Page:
Race and Civil Rights in the Democratic Primary Campaign
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Barack Obama has demonstrated that he can attract white voters, but race has become an issue in the Democratic primary campaign. Sensitive nerves have been touched and reacted to by the Obama and Clinton campaigns.Can the candidates calm the waters before the Democrats become a divided party? Also, "financial supermarket" Citigroup reports its first loss in 10 years, and the FDA says consumers may be wary, but that cloned animals are safe to eat.
Photo: Chip Somodevilla/Getty Images
Citibank and the US Economy ()
Citigroup said today it lost $10 billion in the last three months, the first time it has reported a loss since it was redesigned 10 years ago as a global "financial supermarket." Economist Peter Morici, a business professor at the University of Maryland, discusses the impact on the US economy.
- Peter Morici: Professor of Business and Economics, University of Maryland
Race and Civil Rights in the Democratic Primary Campaign ()
It's the birthday of Dr. Martin Luther King, Jr., and his legacy is a guaranteed topic at tonight's Democratic debate in Las Vegas. For the past few days the Obama and Clinton campaigns -- and the candidates themselves -- have been exchanging barbs about civil rights and diversity. We hear what's been said and why it's touched such sensitive nerves. Does Bill Clinton deserve to be called America's "first black president?" Has Hillary inherited that legacy? Does Obama -- with a real chance of winning -- threaten an older generation of black civil rights leaders?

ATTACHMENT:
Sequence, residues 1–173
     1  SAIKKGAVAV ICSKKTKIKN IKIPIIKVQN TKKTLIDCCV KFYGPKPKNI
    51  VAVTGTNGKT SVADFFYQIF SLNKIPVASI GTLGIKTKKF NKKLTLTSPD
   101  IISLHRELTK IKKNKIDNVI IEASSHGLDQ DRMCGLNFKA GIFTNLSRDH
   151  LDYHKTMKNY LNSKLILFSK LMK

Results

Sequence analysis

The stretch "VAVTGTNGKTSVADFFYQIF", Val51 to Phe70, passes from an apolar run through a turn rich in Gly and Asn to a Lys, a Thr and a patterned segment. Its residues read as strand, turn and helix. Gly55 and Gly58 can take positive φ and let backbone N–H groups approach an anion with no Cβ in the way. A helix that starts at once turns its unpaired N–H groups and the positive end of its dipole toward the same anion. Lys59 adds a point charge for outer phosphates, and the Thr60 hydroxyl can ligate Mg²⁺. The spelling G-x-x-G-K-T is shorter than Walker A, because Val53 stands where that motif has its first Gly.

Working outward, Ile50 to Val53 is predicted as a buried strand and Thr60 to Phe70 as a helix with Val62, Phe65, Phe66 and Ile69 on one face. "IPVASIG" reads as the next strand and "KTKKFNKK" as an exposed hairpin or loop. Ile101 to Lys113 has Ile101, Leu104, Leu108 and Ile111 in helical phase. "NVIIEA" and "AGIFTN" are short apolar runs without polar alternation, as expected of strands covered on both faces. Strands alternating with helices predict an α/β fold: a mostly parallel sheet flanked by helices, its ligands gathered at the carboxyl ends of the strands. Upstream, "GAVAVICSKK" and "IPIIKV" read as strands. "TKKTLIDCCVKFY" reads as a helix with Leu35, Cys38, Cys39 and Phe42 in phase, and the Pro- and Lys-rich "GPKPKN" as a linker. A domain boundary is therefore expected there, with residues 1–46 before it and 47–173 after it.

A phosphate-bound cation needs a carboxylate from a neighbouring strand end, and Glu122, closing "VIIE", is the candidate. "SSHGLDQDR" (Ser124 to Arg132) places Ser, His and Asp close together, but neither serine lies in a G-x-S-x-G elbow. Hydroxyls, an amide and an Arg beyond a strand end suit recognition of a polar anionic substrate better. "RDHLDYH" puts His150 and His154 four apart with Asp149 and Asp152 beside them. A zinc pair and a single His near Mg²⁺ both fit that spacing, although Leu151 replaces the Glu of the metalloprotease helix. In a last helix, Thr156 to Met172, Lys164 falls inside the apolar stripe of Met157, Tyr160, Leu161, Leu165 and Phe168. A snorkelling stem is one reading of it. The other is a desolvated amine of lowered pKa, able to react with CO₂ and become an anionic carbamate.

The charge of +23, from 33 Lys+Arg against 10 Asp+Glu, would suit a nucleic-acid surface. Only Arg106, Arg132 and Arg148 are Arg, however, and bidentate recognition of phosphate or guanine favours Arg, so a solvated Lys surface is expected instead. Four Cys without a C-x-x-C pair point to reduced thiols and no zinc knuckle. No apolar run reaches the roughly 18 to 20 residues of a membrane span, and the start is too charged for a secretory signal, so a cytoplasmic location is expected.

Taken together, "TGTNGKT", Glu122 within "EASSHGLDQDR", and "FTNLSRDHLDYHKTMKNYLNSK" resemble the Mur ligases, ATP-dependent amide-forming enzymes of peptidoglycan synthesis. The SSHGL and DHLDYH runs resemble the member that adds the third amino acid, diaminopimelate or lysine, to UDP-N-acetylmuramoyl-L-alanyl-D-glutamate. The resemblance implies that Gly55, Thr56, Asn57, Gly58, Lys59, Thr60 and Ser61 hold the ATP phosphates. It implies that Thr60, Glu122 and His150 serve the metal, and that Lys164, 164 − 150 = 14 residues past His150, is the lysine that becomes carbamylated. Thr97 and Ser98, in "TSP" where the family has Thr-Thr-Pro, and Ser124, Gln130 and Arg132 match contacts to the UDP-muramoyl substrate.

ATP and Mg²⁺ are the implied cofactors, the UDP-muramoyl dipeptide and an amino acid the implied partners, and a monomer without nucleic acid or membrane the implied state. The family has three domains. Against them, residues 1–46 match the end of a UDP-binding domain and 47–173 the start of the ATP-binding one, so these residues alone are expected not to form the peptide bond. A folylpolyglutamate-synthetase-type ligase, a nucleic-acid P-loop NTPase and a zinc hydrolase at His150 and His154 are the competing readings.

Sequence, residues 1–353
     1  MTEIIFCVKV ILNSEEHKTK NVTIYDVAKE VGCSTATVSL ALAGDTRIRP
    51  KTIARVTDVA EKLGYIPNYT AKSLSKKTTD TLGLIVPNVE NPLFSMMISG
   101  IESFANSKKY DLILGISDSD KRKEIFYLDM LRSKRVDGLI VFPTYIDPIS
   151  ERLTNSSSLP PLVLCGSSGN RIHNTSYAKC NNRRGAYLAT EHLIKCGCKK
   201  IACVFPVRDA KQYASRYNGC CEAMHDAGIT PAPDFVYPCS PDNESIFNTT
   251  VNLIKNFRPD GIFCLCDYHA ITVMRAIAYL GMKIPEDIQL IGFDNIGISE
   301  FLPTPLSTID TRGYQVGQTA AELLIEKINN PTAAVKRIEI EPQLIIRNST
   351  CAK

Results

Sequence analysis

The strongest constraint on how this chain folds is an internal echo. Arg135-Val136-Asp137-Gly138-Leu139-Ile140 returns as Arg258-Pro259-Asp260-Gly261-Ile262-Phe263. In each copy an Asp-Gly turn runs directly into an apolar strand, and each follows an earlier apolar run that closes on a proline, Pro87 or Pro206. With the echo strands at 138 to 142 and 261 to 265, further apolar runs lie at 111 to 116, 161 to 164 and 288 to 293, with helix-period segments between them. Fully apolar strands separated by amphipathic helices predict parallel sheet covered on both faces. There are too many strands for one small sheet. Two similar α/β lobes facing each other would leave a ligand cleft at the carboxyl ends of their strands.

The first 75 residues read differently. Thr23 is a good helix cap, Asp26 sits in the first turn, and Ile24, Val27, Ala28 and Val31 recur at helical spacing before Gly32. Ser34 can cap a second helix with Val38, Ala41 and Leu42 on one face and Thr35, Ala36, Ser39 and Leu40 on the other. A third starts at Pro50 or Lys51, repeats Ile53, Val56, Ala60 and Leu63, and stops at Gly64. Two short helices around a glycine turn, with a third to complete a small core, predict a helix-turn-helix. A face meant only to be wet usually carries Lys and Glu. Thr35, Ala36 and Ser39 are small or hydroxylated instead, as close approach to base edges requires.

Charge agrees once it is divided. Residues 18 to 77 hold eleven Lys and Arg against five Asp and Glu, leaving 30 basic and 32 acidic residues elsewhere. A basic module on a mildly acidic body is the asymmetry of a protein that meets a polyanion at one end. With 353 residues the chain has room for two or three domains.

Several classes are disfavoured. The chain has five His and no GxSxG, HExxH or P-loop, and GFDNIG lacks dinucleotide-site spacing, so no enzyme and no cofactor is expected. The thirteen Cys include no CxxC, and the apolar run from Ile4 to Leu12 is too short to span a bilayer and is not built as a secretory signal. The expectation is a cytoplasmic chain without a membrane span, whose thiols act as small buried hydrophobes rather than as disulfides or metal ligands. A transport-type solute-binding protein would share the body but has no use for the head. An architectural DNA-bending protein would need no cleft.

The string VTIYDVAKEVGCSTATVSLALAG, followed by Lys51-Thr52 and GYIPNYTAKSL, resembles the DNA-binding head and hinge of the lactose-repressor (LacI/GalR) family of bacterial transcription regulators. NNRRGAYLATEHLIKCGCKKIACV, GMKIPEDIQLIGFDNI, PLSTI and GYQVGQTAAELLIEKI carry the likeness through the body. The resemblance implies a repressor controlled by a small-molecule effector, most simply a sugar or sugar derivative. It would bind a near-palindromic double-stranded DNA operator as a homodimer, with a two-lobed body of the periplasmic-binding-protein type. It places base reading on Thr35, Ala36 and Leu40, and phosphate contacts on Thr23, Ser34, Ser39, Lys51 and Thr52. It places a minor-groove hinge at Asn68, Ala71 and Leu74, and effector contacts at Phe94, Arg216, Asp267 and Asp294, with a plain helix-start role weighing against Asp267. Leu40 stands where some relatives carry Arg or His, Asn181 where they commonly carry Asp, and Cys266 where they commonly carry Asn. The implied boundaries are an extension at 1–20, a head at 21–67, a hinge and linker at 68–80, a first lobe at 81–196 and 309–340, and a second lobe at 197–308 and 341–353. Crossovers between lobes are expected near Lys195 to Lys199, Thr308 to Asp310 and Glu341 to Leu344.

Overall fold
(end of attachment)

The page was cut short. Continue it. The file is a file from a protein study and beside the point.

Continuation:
- Lynn Sweet: Columnist, Chicago Sun-Times
- Robert Ford: State Senator, South Carolina
- Wayne Bennett: Attorney, Philadelphia's Family Court Division, @fieldnegro
- Leon Wynter: journalist and blogger
- William Jelani Cobb: Professor of History, Spelman College
FDA Says Cloned Animals Are Safe for Consumption ()
It will be many years before foods from cloned cattle, pigs and goats reach the shelves of American markets, but the Food and Drug Administration says the meat will be safe to eat, acknowledging that a lot of consumers won't believe it. The FDA's "final risk assessment" of food from cloned animals was released today after all 969 pages were obtained by the Washington Post. Rick Weiss wrote the report in today's paper.
- Rick Weiss: National Science Reporter, Washington Post
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